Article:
Larkspurs with Different Pollinators

Fig Wasp

Methods of Speciation - 5 Temporal isolation occurs if fertility occurs at different times. This can happen because of different hormonal signals, or because adults mature at different times of the year or even in different years.

17-Year Cicada

Sage Flowers and Sage Buds of Different Species

Genetic Isolation Immediate G enetic isolation results from p olyploidy. In plants it is not unusual for a fertilized egg to have DNA replication but not complete meiosis, resulting in a diploid gamete. If two diploid gametes fuse, tetraploids result that may be fertile. Such polyploidy is known as autopolyploidy. Polyploids may result between two closely related species if the first diploid gamete (species A) fuses with a gamete from species B and their fertile offspring also produce diploid gametes that fuse once more with one of the original species. Such polyploids are a llopolyploids (allo = different).

Autopolyploidy

Allopolyploidy

Methods of Speciation - 6 Behavioral Isolation Mating behavior, as we have discussed is crucial to successful reproduction in a number of species. Individuals do not recognize courtship patterns or signals from members of populations different from their own will have b ehavioral isolation. Behavioral isolating mechanisms include: · Visual clues -- patterns and physical movements · Audio clues · Chemical clues, such as pheromones · Pollination attractants

Mechanical Isolation (Mechanical Incompatibility) There may be physical differences in structure or function of the reproductive organs that prevent copulation between members of different populations, or in the case of some plants, flower shapes that prevent some pollinators from visiting. The domestic turkey has been bred for large breasts to the point that copulation is "impossible". Many Hawaiian fruit flies have copulatory structures that are of different sizes.

Flower Shape and Pollinators

Snails and Coil Shape

Anatomical Change and Speciation Speciation can occur with little or no anatomical change in organisms. If the organisms do not reproduce, they are biologically different species. Similarly, change in appearance within a species is a natural process and may not lead to speciation in the absence of any isolating factors. Such isolation factors can be random events or the result of natural selection. Maintaining Reproductive Isolation Ultimately in order for new species to form, the separation of gene pools by geography, ecology, genetics or behavior, must be accompanied by or followed by reproductive barrier so that interbreeding is not possible, even if the gene pools were to be mixed again. Reproductive isolating mechanisms may prevent successful fertilization (pre-zygotic or pre-mating) or successful development (post-zygotic or post-mating). The isolation mechanisms just discussed of geography, time, behavior and structure are pre-zygotic reproductive mechanisms.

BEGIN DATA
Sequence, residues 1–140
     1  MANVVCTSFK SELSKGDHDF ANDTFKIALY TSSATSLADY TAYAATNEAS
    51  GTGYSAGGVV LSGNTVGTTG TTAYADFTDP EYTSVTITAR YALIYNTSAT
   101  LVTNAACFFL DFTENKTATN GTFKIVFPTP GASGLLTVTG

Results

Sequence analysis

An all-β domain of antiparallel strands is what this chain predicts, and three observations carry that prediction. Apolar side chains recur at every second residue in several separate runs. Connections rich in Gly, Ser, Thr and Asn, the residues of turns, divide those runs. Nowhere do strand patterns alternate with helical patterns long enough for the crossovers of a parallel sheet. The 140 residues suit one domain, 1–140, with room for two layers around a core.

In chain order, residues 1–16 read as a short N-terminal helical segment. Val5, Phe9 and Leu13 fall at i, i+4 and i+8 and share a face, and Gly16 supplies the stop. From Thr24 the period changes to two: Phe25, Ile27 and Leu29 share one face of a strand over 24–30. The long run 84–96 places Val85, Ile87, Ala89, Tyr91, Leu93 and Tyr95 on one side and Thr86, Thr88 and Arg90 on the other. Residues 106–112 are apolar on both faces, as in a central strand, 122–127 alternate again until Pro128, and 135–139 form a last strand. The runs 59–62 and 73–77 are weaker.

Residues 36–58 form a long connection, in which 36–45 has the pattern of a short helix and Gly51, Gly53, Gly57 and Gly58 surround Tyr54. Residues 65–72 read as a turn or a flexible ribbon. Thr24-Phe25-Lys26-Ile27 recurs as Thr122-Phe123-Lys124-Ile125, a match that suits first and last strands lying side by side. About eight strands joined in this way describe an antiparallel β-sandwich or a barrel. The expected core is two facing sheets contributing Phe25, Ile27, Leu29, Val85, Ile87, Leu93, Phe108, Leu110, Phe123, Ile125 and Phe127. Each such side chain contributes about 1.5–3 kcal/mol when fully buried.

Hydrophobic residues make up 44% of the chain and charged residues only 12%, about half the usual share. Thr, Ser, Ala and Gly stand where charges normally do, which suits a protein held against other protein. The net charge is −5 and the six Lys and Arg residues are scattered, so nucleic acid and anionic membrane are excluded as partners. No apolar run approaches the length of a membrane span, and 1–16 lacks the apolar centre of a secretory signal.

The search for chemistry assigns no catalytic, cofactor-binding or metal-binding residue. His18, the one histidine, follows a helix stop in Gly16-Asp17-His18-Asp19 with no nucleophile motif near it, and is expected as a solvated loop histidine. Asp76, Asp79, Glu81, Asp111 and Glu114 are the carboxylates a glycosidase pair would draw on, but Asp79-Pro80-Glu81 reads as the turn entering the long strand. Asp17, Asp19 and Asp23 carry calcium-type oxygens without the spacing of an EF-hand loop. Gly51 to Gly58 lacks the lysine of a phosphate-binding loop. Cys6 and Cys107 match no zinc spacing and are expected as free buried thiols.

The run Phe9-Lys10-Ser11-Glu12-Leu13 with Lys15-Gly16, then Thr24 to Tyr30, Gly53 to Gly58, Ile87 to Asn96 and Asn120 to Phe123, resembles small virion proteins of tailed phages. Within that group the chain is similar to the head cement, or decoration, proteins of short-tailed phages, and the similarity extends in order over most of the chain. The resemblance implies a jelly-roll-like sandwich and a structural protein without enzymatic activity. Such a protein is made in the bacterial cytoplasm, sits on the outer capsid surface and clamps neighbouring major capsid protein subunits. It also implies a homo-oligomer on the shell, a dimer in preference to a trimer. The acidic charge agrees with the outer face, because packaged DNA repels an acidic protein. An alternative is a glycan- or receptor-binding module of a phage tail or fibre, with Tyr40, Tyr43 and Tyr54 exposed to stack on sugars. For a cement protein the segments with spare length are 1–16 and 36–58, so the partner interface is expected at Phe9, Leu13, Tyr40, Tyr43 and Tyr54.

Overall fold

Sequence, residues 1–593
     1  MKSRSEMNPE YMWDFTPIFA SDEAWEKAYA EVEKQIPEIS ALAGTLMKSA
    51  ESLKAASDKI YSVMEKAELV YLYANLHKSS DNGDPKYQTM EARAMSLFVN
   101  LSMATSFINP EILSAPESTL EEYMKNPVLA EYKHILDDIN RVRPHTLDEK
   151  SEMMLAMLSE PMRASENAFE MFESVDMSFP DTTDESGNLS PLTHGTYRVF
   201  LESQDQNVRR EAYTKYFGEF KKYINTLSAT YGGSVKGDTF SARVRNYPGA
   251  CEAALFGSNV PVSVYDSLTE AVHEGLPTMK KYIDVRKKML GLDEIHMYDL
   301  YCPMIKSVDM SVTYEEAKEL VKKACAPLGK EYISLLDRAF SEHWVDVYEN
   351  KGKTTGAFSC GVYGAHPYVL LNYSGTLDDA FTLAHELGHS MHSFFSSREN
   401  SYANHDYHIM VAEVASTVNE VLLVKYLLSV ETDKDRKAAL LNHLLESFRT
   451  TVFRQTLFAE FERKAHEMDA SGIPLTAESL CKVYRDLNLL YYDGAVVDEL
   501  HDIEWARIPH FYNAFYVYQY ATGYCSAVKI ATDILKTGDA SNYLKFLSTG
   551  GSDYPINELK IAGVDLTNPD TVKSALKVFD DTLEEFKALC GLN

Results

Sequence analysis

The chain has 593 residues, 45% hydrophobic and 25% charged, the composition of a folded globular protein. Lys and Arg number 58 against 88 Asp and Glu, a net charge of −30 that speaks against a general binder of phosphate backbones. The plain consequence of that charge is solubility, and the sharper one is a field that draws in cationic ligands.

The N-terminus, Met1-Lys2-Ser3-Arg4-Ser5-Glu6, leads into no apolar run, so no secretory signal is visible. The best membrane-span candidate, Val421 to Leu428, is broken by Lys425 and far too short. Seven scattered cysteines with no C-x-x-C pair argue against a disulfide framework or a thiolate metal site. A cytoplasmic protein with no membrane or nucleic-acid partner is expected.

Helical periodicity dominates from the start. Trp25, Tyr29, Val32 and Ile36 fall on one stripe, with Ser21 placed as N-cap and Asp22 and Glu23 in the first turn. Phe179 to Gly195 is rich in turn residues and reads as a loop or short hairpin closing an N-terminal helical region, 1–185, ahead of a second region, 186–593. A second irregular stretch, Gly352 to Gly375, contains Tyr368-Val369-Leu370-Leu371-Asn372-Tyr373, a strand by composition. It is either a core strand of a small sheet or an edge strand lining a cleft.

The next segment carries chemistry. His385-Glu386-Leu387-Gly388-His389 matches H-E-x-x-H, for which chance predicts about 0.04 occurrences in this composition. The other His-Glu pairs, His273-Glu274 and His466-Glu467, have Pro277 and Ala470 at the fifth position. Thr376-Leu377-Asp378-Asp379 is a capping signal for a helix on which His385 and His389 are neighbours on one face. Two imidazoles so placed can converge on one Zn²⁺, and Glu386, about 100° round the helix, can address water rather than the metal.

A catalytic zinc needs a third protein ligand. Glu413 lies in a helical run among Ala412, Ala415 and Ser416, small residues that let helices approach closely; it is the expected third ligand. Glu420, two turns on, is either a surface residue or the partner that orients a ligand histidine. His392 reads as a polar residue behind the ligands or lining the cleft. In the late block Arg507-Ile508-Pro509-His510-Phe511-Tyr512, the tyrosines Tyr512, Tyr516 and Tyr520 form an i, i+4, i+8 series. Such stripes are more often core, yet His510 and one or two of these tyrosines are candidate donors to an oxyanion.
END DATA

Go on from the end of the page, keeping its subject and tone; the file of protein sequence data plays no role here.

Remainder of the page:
Methods of Speciation - 7 Post-Mating Reproductive Barriers There are a number of post-mating reproductive barriers that prevent development or successful survival of offspring and serve as isolating mechanisms that keep species separated. The reverse can also be true. If such mechanisms do not prevent isolation, and result in fertile hybrids, we may have just one species.

Some post-mating isolating mechanisms include: Gametic Isolation: Mating (copulation) may occur but fertilization is not successful · The gametes cannot fuse or are not chemically compatible. · The sperm cannot survive in the female reproductive tract. · The zygote cannot develop if fusion does occur. Non-viable Hybrid: Even if gametes fuse, the offspring can be weakened, and may not survive. There are four ranges of leopard frogs in North American, separated by mating behaviors and incompatibility of embryos if behavior mechanisms are overridden.

Methods of Speciation - 8 Hybrid Sterility: Successful mating and hybrid survival occasionally occur, but the offspring are sterile, since they lack homologous chromosomes essential for meiosis. The offspring may also appropriate mating signals (behavioral or morphological). The mule hybrid between the horse and donkey is a common example.

Horse

Mule

Donkey

Evolution ­ The Big Picture - Genetic Models and Rates of Speciation How does all of this go together to give a model or models for evolution? As we have seen and read, the process of evolution needs the presence of i nheritable variation, and variations that can be beneficial within one's immediate surroundings. Adaptations of value in one habitat may be quite negative in others, or even within the same area if conditions change. It is reasonably easy to determine speciation characteristics associated with changes that occur through time. When fossils from one era are compared to fossils from distant eras, they can be very different. When these differences appear significant, the extremes are called different species. The term, p hyletic speciation or anagenesis is used for a species that evolves into a new, different, species through time. Anagenesis is associated with directional selection. When new species arise from branches that diverge from an original species, we use the term c ladogenesis. Cladogenesis is associated with divergent selection.